Anatomy is an important branch of physiology and considers how organ systems in animals, such as the nervous, immune, endocrine, respiratory, and circulatory systems, function and interact. The study of these systems is shared with medically oriented disciplines such as neurology and immunology.
Evolution is concerned with the origin and descent of species, as well as their change over time, and includes scientists from many taxonomically-oriented disciplines. For example, it generally involves scientists who have special training in particular organisms such as mammalogy, ornithology, botany, or herpetology, but use those organisms as systems to answer general questions about evolution. Evolutionary biology is mainly based on paleontology, which uses the fossil record to answer questions about the mode and tempo of evolution, as well as the developments in areas such as population genetics and evolutionary theory. In the 1980s, developmental biology re-entered evolutionary biology from its initial exclusion from the modern synthesis through the study of evolutionary developmental biology. Related fields which are often considered part of evolutionary biology are phylogenetics, systematics, and taxonomy.
Up into the 19th century, it was believed that life forms were being continuously created under certain conditions (see spontaneous generation). This misconception was challenged by William Harvey's diction that "all life [is] from [an] egg" (from the Latin "Omne vivum ex ovo"), a foundational concept of modern biology. It simply means that there is an unbroken continuity of life from its initial origin to the present time.
A group of organisms shares a common descent if they share a common ancestor. All organisms on the Earth have been and are descended from a common ancestor or an ancestral gene pool. This last universal common ancestor of all organisms is believed to have appeared about 3.5 billion years ago. Biologists generally regard the universality of the genetic code as definitive evidence in favor of the theory of universal common descent (UCD) for all bacteria, archaea, and eukaryotes (see: origin of life).
The two major traditional taxonomically-oriented disciplines are botany and zoology. Botany is the scientific study of plants. Botany covers a wide range of scientific disciplines that study the growth, reproduction, metabolism, development, diseases, and evolution of plant life. Zoology involves the study of animals, including the study of their physiology within the fields of anatomy and embryology. The common genetic and developmental mechanisms of animals and plants is studied in molecular biology, molecular genetics, and developmental biology. The ecology of animals is covered under behavioral ecology and other fields.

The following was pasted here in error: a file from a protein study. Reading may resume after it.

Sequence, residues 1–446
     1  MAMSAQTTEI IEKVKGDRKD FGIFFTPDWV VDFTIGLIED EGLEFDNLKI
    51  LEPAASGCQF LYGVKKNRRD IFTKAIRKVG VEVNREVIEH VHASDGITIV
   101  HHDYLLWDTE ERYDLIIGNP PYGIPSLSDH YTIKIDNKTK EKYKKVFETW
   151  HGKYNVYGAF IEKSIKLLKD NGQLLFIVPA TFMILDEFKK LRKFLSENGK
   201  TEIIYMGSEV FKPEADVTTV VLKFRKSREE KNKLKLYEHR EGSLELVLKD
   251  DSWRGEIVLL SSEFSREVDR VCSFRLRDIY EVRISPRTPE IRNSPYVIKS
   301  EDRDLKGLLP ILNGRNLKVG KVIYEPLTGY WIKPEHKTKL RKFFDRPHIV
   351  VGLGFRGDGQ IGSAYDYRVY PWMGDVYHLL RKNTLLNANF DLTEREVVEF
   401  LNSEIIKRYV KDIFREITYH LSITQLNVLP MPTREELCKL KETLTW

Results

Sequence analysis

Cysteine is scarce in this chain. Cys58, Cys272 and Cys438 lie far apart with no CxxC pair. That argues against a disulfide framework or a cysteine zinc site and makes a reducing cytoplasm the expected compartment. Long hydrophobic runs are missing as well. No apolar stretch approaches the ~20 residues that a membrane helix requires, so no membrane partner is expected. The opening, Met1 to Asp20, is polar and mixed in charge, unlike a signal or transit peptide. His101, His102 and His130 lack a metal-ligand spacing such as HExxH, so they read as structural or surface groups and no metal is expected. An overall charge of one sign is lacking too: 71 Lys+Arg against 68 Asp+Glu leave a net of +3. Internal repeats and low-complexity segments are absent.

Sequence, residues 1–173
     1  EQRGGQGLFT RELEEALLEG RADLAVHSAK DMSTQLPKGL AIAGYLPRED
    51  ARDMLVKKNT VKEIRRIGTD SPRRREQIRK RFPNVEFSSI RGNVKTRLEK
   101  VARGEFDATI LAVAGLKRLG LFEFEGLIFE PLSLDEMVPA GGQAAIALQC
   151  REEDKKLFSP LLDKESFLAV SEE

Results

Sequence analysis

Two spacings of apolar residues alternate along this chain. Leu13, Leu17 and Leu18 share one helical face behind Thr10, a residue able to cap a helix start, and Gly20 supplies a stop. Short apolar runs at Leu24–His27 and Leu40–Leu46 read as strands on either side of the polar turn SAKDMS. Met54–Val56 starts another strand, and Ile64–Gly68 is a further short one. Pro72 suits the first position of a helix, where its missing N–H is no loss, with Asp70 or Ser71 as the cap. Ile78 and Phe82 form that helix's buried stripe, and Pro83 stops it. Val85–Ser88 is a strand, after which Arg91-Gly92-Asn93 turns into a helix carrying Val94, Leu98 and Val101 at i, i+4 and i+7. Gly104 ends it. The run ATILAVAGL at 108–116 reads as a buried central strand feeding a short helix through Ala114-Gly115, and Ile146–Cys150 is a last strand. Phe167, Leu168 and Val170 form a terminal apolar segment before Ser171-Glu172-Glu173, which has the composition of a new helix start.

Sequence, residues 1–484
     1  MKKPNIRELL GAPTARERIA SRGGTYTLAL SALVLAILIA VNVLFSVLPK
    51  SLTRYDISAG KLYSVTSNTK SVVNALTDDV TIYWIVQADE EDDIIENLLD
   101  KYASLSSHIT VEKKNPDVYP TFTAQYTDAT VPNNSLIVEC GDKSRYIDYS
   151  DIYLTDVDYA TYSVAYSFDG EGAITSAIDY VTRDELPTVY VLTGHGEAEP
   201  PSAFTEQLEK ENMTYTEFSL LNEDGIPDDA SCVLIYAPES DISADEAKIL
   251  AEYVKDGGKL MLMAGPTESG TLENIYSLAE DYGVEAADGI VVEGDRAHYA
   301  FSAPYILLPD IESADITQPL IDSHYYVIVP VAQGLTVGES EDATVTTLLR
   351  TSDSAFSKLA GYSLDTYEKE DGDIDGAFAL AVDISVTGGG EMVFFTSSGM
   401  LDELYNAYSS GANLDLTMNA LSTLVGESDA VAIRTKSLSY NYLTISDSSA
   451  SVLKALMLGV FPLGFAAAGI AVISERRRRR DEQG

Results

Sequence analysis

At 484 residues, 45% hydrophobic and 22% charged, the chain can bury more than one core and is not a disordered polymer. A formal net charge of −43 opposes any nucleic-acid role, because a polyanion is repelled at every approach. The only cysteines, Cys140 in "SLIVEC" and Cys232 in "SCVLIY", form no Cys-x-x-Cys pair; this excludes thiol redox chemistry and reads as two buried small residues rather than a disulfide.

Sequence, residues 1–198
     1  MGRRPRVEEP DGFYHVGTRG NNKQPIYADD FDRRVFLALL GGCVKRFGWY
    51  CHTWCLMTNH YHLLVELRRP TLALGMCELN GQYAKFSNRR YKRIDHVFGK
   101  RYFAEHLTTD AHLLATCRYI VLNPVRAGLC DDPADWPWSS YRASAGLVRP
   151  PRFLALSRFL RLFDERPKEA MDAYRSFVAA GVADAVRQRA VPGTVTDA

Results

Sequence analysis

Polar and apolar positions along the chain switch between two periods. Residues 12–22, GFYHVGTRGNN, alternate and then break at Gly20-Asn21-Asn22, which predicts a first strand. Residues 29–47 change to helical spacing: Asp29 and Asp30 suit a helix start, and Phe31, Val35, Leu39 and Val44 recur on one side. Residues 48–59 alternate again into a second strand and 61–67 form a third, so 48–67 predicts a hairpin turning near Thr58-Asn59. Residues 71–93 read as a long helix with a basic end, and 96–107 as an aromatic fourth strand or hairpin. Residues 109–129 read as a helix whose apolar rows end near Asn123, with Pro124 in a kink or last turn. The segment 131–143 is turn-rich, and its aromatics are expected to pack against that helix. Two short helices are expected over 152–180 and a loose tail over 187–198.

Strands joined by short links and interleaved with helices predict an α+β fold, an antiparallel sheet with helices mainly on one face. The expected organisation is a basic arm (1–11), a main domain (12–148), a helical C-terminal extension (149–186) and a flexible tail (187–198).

Classification is the province of the disciplines of systematics and taxonomy. Taxonomy places organisms in groups called taxa, while systematics seeks to define their relationships with each other. This classification technique has evolved to reflect advances in cladistics and genetics, shifting the focus from physical similarities and shared characteristics to phylogenetics.
Traditionally, living things have been divided into five kingdoms:
However, many scientists now consider this five-kingdom system to be outdated. Modern alternative classification systems generally begin with the three-domain system:
These domains reflect whether the cells have nuclei or not, as well as differences in the cell exteriors.
Further, each kingdom is broken down continuously until each species is separately classified. The order is:
The scientific name of an organism is obtained from its genus and species. For example, humans would be listed as Homo sapiens. Homo would be the genus and sapiens is the species. Whenever writing the scientific name of an organism, it is proper to capitalize the first letter in the genus and put all of the species in lowercase; in addition the entire term would be put in italics or underlined. The term used for classification is called taxonomy.
The dominant classification system is called Linnaean taxonomy, which includes ranks and binomial nomenclature. How organisms are named is governed by international agreements such as the International Code of Botanical Nomenclature (ICBN), the International Code of Zoological Nomenclature (ICZN), and the International Code of Nomenclature of Bacteria (ICNB). A fourth Draft BioCode was published in 1997 in an attempt to standardize naming in these three areas, but it has yet to be formally adopted. The Virus International Code of Virus Classification and Nomenclature (ICVCN) remains outside the BioCode.